29 Countries the US Government Doesn’t Want You to Go To

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1. Afghanistan
> Advisory level: Level 4: do not travel
> Last updated: July 9
> Population: 34.7 million
> GDP per capita: $580

With the Taliban and ISIS still forces to be reckoned with, the State Department has advised that travel to all areas of Afghanistan is unsafe because of high levels of kidnappings, hostage taking, suicide bombings, military combat operations, landmines, and terrorist and insurgent attacks. Terrorists have targeted Afghan and U.S. government convoys and facilities as well as non-governmental organization offices, hospitals, places of worship, restaurants, hotels, airports, and schools.

The U.S. government’s ability to provide services to Americans in Afghanistan is constrained because of the lack of infrastructure, geographic limitations, and a volatile security situation.

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2. Burkina Faso
> Advisory level: Level 3: reconsider travel
> Last updated: March 2
> Population: 18.6 million
> GDP per capita: $610

While the general advisory to Burkina Faso is level 3 – reconsider travel, the State Department advises against traveling to one region in the country — the northern Sahel border with Mali and Niger. In that region, organized criminal groups and terrorists particularly target westerners, plotting kidnappings. In the entire country — a landlocked nation in western Africa — terrorist targets could include hotels, restaurants, police stations, and schools.

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3. Burundi
> Advisory level: Level 3: reconsider travel
> Last updated: Aug. 29
> Population: 10.5 million
> GDP per capita: $280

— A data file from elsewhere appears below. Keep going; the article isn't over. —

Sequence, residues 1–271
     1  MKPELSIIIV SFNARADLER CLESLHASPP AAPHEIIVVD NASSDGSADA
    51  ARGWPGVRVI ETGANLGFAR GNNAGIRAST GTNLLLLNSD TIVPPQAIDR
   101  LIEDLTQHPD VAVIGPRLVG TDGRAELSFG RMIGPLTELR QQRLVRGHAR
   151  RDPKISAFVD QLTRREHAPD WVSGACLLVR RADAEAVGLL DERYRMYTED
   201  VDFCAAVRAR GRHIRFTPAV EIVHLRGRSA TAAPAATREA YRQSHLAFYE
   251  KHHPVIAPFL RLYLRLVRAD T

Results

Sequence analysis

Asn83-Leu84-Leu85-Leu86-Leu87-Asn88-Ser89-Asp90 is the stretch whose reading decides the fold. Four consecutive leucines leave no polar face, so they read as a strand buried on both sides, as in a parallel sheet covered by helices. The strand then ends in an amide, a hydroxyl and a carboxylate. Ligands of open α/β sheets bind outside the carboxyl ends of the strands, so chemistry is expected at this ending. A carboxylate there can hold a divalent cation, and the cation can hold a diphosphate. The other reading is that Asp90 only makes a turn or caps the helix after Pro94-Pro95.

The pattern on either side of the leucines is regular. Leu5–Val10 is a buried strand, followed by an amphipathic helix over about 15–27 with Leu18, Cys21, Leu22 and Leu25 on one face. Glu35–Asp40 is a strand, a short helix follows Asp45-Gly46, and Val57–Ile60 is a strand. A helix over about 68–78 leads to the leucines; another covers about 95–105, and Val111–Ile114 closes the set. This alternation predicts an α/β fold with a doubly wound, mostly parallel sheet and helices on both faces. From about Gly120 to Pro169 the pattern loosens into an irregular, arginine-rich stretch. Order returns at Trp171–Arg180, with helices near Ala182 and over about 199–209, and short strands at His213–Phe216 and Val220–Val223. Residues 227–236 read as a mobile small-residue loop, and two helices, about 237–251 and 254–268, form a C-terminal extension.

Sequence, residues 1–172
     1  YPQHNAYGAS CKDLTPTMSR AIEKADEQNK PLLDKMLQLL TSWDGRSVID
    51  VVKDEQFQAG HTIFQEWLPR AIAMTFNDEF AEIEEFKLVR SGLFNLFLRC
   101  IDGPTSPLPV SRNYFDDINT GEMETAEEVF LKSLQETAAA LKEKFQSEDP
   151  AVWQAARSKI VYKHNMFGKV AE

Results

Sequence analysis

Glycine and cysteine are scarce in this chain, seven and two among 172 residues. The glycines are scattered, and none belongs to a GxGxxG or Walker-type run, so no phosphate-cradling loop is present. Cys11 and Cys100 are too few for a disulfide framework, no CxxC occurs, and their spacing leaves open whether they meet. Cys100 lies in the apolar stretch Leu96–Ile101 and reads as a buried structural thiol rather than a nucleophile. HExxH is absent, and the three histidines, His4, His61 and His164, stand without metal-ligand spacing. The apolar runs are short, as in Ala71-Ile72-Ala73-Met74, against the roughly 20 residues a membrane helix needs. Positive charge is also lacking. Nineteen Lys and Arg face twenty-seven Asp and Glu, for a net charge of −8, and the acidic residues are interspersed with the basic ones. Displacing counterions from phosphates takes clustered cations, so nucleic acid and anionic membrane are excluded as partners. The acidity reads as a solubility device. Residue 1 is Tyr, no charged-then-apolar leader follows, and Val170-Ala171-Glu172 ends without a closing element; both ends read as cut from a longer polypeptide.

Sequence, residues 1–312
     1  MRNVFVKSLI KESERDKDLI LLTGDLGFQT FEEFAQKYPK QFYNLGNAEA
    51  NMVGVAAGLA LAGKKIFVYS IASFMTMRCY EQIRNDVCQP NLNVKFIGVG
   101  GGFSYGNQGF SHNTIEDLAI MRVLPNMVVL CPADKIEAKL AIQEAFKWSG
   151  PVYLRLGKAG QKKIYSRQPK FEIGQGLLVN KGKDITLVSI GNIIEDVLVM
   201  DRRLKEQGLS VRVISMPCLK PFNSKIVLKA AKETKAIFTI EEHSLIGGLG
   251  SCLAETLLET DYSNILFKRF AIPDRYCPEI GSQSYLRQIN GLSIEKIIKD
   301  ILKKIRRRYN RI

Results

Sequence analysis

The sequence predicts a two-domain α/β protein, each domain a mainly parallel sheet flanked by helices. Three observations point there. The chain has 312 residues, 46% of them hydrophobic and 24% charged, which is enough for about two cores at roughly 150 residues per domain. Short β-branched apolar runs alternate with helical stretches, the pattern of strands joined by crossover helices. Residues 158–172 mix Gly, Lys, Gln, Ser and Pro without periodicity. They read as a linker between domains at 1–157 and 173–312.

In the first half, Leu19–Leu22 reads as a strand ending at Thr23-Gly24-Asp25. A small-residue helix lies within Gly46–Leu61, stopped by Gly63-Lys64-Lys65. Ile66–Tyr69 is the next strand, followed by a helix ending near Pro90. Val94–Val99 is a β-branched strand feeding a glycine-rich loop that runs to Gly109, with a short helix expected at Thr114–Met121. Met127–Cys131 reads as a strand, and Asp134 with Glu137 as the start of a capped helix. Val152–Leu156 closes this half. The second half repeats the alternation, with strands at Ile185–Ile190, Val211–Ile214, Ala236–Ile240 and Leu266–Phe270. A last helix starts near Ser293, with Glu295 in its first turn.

Though westerners are not likely targets of violent crimes in Burundi, grenade attacks and armed robbery are common. Burundi police resources are inadequate to address criminal acts, according to the U.S. government. There also is lingering political tension in the African nation, whose GDP per capita of $280 is among the lowest in the world. Frequent police and military checkpoints limit the ability to move freely. The U.S. government says the provinces of Cibitoke and Bubanza are susceptible to raids from armed groups from the eastern section of the Democratic Republic of Congo.

The U.S. government said it has scarce resources to provide to Americans in Burundi. The State Department added that medical services in Burundi are not up to American standards.

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4. Central African Republic
> Advisory level: Level 4: do not travel
> Last updated: May 24
> Population: 4.6 million
> GDP per capita: $380

Another high-risk country is the Central African Republic, which has been unstable since it gained independence from France in 1960. The State Department advises Americans not to travel to the CAR because of crime and civil instability. The U.S. government has raised concerns over incidences of armed robbery, aggravated battery, and homicide. Many swaths of the Central African Republic are controlled by armed groups who kidnap, injure, and kill civilians, according to the U.S. government. Because of unrest in the Central African Republic, airports, land borders, and roads may close with little advance notice.

U.S. government personnel must get permission to travel outside the embassy grounds and therefore may be limited in how much help they can provide U.S. citizens.

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5. Chad
> Advisory level: Level 3: reconsider travel
> Last updated: July 31
> Population: 14.5 million
> GDP per capita: $720

Chad has been victimized by violent crimes, such as armed robbery, carjacking, and muggings. Terrorists have targeted foreigners, local security forces, and civilians. The U.S. government says terrorists can cross Chad’s borders with little difficulty, including in the Lake Chad region. Of particular concern are unmapped minefields along the borders with Libya and Sudan.

U.S. government employees need to get special permission to travel to certain parts of the capital N’Djamena, as well as areas such as to the Lake Chad Basin.